How to create a spill bund
Author: Cameron Seymour Date Posted:5 March 2018
How to create a Spill Bund in Australia
Do I need to use bunding?
This guide applies to facilities that use or store liquids above-ground. Whether bunding is needed, and what type should be used, will be determined by:
- the level of risk at the site
- the type of facility
- the type of drainage.
What is a bund?
AS 4452B1997 defines a bund as:
An impervious embankment of earth, or a wall of brick, stone, concrete or other suitable material, which may form part or all the perimeter of a compound that provides a barrier to retain liquid.
Earthen bunds are not recommended, except where there is no other viable alternative. Earth by itself, without a lining, does not satisfy the impermeability criteria. Any vegetation contained in the bund or on the banks will need to be maintained. The groundwater depth and subsidence of construction materials must be taken into consideration. A submission outlining remediation works and the disposal method for contaminated soil will be required at the development approval stage.
Since the bund is the main part of a spill containment system, the whole system (or bunded area) is colloquially referred to within industry as the "bund".
The bund is designed to contain spillages and leaks from liquids used, stored or processed above-ground, and to facilitate clean-up operations.
A bund consists of:
- an impervious bund wall or embankment surrounding the facility or tanks
- an impervious floor within the bunded area
- any joints in the floor or the wall, or between the floor and the wall
- any associated facilities designed to remove liquids safely from the bunded area without polluting the environment.
- As well as being used to prevent pollution of the receiving environment, bunds are also often used for fire protection, product recovery and process isolation.
How do you calculate the capacity of a Spill Bund?
How do I work out the depth of a bund for my requirements?
“The capacity of a bund must be at least 110% of the volume of the largest container in storage.”
- Identify the volume of the largest container to be stored within the bund. E.g. 207L (44 Gallon) drum etc.
- Add 10% to this volume of the largest container, e.g. 207L + 10% = 228L.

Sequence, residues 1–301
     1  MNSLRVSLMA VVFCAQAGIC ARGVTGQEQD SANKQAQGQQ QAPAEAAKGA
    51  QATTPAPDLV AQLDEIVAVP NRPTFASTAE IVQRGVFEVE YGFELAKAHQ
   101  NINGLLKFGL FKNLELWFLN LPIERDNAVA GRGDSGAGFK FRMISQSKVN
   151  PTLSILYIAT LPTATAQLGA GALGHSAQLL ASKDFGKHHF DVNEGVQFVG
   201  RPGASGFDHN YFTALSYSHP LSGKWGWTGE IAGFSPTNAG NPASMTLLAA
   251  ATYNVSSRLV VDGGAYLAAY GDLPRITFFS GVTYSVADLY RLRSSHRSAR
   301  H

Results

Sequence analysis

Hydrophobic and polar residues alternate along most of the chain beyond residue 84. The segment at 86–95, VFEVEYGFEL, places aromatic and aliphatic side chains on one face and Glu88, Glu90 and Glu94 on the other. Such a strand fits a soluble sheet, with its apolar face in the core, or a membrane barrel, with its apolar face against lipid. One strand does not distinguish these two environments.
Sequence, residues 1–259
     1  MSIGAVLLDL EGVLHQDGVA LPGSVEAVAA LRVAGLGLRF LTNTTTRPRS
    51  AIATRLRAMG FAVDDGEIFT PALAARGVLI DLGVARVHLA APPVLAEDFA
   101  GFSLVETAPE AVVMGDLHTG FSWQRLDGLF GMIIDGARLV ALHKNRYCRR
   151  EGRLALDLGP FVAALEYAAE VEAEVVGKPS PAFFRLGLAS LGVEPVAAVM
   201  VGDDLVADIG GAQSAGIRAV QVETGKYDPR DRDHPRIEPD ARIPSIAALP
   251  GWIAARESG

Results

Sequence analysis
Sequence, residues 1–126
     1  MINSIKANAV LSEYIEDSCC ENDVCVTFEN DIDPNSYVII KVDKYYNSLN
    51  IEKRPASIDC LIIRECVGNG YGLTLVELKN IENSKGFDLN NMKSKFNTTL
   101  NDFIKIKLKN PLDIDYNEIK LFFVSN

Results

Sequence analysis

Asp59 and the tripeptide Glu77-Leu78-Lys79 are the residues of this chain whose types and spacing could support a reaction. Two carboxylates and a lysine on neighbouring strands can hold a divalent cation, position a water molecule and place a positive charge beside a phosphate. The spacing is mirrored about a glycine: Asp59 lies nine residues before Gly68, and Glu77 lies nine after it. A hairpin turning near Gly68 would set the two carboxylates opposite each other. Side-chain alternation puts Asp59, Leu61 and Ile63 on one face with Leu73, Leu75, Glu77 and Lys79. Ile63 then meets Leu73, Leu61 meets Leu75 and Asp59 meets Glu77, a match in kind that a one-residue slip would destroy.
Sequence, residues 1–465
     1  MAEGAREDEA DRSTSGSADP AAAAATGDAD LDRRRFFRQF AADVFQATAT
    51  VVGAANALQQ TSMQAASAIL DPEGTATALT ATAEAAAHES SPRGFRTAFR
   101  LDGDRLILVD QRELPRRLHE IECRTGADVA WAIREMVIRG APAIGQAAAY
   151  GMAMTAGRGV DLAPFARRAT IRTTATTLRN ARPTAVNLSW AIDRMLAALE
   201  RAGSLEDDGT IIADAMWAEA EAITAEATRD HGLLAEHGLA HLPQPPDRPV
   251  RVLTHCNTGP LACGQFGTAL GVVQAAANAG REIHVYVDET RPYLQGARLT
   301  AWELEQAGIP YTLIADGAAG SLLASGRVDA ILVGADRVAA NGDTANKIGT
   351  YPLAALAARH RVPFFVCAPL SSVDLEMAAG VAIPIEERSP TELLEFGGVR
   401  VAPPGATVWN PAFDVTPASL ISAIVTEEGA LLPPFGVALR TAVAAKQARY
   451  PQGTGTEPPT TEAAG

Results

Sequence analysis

- Measure the length x width in cm of the area where the bund is to be located. E.g. 200cm x 300cm = 60,000cm2.
- There are 1000 cubic cm in 1 litre.
- Therefore, for 228L, the CC’s are 228,000. Divide this volume by the area (60,000cm2) to get the minimum height of the bund which is 3.8cm.
- This means that for a bund 2m x 3m used to store a largest container of 207L, a suitable bunding product to use would be the Spillsupport Rubber Hump Bund which is 4cm high x 5m long.
Of course, there is other factors to look into for example drainage, whether there is fire sprinklers are used in the area etc.
Bunding Standards in Australia,
The following standards are available from Standards Australia - Phone 1300 654 646:
AS 1940-1993 The storage and handling of flammable and combustible liquids
AS 4326-1995 The storage and handling of oxidising agents
AS 3780-1994 The storage and handling of corrosive substances
AS 2507-1984 The storage and handling of pesticides
AS/NZS 4452-1997 The storage and handling of toxic substances
Industroquip have many different types of bunding available however the Spillsupport Rubber Hump Bund is by far the most common, it comes in a handy 5m roll and is easy to cut and mitre and attach to concrete floors.
The Spillsupport Rubber Hump Bund has successfully been used in warehouses, factories, laboratories, car wash bays, heavy machinery wash bays and more.
If you are still unsure about the correct bunding or sizing of a bund be sure to contact one of Industroquips Spillsupport Representatives that are available to measure and provide advice on bunding in Sydney, Newcastle, Brisbane & Melbourne any day and in Perth once a month at this stage.